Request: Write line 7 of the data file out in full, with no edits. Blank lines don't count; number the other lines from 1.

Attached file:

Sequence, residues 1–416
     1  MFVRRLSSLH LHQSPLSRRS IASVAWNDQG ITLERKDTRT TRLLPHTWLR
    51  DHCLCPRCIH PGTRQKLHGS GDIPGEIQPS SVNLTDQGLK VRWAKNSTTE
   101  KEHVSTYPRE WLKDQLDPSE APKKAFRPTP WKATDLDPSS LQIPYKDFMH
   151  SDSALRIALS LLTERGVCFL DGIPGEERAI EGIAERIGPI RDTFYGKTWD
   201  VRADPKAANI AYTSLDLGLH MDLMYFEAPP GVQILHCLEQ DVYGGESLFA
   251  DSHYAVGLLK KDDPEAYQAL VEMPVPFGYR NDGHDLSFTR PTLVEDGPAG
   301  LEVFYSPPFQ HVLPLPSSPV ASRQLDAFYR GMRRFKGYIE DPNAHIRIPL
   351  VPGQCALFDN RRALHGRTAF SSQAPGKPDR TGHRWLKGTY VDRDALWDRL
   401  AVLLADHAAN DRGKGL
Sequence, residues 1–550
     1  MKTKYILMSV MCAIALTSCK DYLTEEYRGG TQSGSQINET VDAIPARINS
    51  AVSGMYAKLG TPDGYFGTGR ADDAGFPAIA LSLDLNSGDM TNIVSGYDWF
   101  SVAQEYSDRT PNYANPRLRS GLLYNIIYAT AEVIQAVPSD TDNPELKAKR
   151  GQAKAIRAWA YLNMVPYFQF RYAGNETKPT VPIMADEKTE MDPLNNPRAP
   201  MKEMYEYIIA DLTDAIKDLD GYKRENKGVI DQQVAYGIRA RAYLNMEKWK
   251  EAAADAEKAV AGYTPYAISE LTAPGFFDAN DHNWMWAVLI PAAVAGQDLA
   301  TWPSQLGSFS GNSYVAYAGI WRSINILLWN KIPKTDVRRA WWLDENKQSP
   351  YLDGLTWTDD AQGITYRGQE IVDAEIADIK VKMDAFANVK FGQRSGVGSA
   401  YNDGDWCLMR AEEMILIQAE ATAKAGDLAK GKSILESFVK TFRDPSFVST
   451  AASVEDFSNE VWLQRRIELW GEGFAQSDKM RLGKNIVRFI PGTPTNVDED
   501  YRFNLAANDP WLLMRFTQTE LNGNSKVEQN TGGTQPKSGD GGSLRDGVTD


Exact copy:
   251  DSHYAVGLLK KDDPEAYQAL VEMPVPFGYR NDGHDLSFTR PTLVEDGPAG